The basic idea was to transform a 23 year old (1997 make) matiz car to a usable backhoe.

Please share the video and support so that this will be a motivation for doing more projects.

Thank you sir...
 
Joined
Jul 29, 2018
Messages
590
Reaction score
433
Location
Huddersfield. UK.
Country
United Kingdom
Hi,

Many thanks for posting the pictures and for the information. I'm always very interested in unusual engineering projects. What you've shown is that it doesn't take lots of expensive kit to create something so useful; I'm sure you're delighted with the backhoe and will be putting it to good use. Have you considered adding stabilizers to save wear and tear on the cars suspension?

Your welder and chop saw look new; have you just started doing such work and if so you've done a brilliant job.

I'll be happy to pass the details on to my chums.

Kind regards, Colin.
 
Ad

Advertisements

Joined
Nov 15, 2020
Messages
8
Reaction score
7
Country
India
Indeed sir, I am very thrilled in using my homemade backhoe. Right from my childhood days, I was so fascinated by seeing the backhoes at work, with their display of sheer strength. I always wanted to make a powerful backhoe, when I grow up. Now that became a reality:) I am planning to make use of the backhoe by doing some farming and cultivating vegetables, sir. Also I am planning to dig a fish pond as well. Will share with you the photos once I complete these.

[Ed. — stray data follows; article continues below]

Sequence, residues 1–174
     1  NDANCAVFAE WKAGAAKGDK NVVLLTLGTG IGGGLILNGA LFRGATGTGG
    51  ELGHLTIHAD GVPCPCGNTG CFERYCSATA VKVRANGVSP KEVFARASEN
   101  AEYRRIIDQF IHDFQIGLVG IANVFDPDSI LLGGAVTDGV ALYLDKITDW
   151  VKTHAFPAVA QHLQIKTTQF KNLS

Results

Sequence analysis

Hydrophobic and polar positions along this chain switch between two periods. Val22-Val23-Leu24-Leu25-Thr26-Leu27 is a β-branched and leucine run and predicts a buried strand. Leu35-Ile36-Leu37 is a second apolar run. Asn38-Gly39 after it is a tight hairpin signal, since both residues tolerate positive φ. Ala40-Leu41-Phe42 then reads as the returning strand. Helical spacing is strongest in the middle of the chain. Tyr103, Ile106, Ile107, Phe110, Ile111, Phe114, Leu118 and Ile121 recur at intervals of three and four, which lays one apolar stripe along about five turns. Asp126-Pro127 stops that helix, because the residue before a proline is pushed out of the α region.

I have almost completed making stabilizers for the backhoe sir. Now I keep blocks underneath, to stabilize the backhoe. But I know sir, it is not a proper way and is very inconvenient. Will share with you the pictures of the stabilizer, once I weld them to the backhoe.

As you have rightly observed, I have just started doing such work. This was my first major project, sir. Now, my next project is related to harnessing renewable energy. I am planning to make a wind turbine with around 18 feet diameter and generate electricity to power my home.

My underlying objective is to motivate youngsters and children and instill in them the interest towards science.

Thank you once again sir, for your support and kind words.
 
Joined
Jul 29, 2018
Messages
590
Reaction score
433
Location
Huddersfield. UK.
Country
United Kingdom
Hi,